The Herter Brothers: Architects of Eldridge Street

By Sara Lowenburg

When I am leading tours at Eldridge Street, I love to share that this synagogue was built by the Herter Brothers, two German Catholic architects who had never built a synagogue before! Beyond that fact, I did not know much more about them, but I have always been curious to learn more about their story.

We are privileged at the Museum at Eldridge  Street to have many visitors with personal connections to the history of the Lower East Side and this synagogue. I was very excited to hear that one of our recent visitors was Dr. Matthew Cuddeback, the great-the grandson of the younger brother, Franz Herter!

Frank W. Herter (1854-1933) and family, c. 1909.  Mr. Cuddeback’s grandmother, Marjorie, is at the far right.

Frank W. Herter (1854-1933) and family, c. 1909. Mr. Cuddeback’s grandmother, Marjorie, is at the far right.

I was eager to connect with him to learn more about their story and what it might add to my tours. Through a series of phone and email conversations, Dr. Cuddeback shared with me his knowledge of family lore and wealth of resources, and together we have uncovered exciting new information about the architects of this beautiful synagogue.

Franz and Peter Herter emigrated from Germany in 1884, just two years before they secured the contract to build the Eldridge Street Synagogue! They were born in the small town of Alfter, Germany and probably studied architecture nearby at the University of Bonn. While there, it is possible that they were exposed to the architecture of the synagogues in nearby Cologne, which may have served as inspiration for Eldridge Street.

Once in New York, the Herter Brothers quickly became successful tenement builders. In 1892, they were praised in The Real Estate Record and Builders’ Guide as “educated builders.” The article goes on to explain, “Herter Bros., the architects, have within the past few years erected a number of the most improved class of tenements…They are well lighted and ventilated and contain the best plumbing.” It celebrates their work as a significant upgrade from the over-crowded, poor conditions that Lower East Siders were accustomed to.

Today, you can still see several of the Herter Brothers’ tenement buildings throughout the Lower East Side. They are immediately recognizable by the Stars of David that cover the facades, which echoed the decorations of the Eldridge Street Synagogue and came to serve as their trademark.

The Herter Brothers' design for Grand Army Plaza, Brooklyn

The Herter Brothers’ design for Grand Army Plaza, Brooklyn (click to enlarge)

 

Although they were perhaps best known for their work as tenement builders, the Herter Brothers’ career extended far beyond the scope of residential structures. In fact, they submitted several designs for monuments and religious institutions, including the Soldiers’ and Sailors’ Monument in Grand Army Plaza, Brooklyn,  and the Cathedral of St. John the Divine.

The Herter Brothers' design for the Cathedral of St. John the Divine

The Herter Brothers’ design for the Cathedral of St. John the Divine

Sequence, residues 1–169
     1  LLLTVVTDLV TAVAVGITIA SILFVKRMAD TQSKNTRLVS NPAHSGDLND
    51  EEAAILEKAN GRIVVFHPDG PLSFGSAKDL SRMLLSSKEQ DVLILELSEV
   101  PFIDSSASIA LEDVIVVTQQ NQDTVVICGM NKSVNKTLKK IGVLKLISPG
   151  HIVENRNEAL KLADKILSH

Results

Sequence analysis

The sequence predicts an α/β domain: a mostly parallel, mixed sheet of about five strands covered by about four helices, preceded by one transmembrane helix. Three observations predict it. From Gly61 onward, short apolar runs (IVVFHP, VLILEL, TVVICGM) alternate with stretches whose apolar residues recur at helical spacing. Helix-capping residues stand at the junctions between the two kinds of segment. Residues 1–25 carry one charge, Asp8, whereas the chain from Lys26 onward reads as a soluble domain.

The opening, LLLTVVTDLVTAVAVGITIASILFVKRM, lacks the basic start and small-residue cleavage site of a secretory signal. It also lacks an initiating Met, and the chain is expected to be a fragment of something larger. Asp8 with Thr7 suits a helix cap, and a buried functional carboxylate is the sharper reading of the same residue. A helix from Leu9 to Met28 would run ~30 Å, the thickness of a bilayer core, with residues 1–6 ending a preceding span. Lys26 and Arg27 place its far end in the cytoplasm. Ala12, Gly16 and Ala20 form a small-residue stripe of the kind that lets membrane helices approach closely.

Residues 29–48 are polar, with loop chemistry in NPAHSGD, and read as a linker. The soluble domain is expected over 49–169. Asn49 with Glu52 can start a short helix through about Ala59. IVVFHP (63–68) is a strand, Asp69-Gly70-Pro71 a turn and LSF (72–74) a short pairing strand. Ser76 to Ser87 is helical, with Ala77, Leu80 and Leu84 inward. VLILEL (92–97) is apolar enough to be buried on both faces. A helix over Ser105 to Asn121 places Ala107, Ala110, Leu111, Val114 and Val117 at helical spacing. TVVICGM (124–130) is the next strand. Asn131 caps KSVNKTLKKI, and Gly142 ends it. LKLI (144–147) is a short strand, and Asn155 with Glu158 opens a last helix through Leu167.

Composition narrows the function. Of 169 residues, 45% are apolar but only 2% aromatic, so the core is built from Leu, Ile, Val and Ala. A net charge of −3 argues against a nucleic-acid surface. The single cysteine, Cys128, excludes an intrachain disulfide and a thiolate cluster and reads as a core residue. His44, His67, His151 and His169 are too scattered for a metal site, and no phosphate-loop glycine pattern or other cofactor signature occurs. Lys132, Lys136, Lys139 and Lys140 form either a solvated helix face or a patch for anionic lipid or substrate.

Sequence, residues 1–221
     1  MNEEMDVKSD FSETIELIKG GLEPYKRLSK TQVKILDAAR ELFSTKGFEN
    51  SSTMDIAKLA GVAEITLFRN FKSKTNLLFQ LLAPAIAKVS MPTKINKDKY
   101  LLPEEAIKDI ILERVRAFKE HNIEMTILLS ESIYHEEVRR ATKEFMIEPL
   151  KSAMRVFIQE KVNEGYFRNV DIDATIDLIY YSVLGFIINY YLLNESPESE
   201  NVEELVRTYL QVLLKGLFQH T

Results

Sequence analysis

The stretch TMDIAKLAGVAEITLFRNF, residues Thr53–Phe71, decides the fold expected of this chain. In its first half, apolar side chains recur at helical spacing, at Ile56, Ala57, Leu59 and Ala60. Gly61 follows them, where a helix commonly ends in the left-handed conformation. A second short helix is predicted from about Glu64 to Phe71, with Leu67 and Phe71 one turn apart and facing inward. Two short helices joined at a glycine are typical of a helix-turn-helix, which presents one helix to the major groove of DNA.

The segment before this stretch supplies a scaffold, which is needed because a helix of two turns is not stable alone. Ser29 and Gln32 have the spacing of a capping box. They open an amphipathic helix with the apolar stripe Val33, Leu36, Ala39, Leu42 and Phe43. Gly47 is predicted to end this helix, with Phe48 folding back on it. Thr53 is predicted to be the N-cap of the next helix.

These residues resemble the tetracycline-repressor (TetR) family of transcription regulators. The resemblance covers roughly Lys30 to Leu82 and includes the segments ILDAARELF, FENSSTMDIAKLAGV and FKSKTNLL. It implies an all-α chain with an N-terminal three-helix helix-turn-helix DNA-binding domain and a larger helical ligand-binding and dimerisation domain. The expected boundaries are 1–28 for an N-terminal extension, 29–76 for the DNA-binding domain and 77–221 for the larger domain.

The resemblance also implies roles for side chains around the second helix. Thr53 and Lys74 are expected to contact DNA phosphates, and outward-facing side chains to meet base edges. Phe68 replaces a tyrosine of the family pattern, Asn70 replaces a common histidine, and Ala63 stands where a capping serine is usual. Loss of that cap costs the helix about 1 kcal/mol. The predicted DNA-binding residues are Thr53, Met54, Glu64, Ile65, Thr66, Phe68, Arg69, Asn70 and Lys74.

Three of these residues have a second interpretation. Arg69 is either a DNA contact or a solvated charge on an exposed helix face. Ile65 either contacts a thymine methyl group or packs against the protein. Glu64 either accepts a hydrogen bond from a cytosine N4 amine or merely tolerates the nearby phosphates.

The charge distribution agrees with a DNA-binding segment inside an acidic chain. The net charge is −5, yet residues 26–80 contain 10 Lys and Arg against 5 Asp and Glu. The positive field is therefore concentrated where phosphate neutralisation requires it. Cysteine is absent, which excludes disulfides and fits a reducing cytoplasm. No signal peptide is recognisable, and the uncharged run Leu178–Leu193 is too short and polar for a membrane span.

Despite neither of these submissions being chosen, the Herter Brothers did successfully design several churches, such as St. Joseph in Easton, Pennsylvania and St. Elizabeth in Philadelphia.

Within New York, they were involved in the design of St. Joseph Catholic Church in West Harlem and were even in talks to build a synagogue for Beth Hamedrash Hagadol.

I found this discovery especially intriguing because Beth Hamedrash Hagadol was originally part of the same congregation as Kahal Adath Jeshurun of the Eldridge Street Synagogue. The two split after a clash over the election of the congregation’s president in 1859. In 1888, less than a year after the Eldridge Street Synagogue opened, The Real Estate Record and Builders’ Guide announced that the Herter Brothers would be designing a synagogue at 70 Willet Street, which, like Eldridge Street, would be “in the Moorish style, with brick, stone and terra cotta.”

It seems that the structure never came to fruition, as Beth Hamedrash Hagadol instead remained in a converted church building on Norfolk Street, which is still standing today. Nevertheless, the fact that they attempted to secure a similar contract with the Herter Brothers less than a year after the completion of Eldridge Street suggests that this synagogue was received favorably even by rivaling congregations. The Herter Brothers’ aesthetic, it seems, was one that congregations sought when envisioning their own synagogue designs.

During one of our conversations, Dr. Cuddeback described the Herter Brothers’ career as “a meteor passing through the sky,” both incredibly successful and short-lived. They made a noticeable impact on the skyline of the Lower East Side, but within about ten years, they were no longer working together.

Frank Herter advertisement, real estate record and builders guide 1892

In 1895, Franz (Frank) Herter took out an advertisement without his brother in The Real Estate Record and Builders’ Guide, describing himself as “formerly Herter Bros.”

Rectory of St. Nicholas Church, East 2nd Street, Manhattan

Rectory of St. Nicholas Church, East 2nd Street, Manhattan

 

Franz Herter later designed the rectory for St. Nicholas church on E. 2nd street, which is still standing today and exhibits many similar design elements to Eldridge Street.

 

The brevity of their partnership, though, perhaps only makes the Eldridge Street Synagogue more unique, as it proved to be not only the first but in fact the only synagogue they built!

 

 

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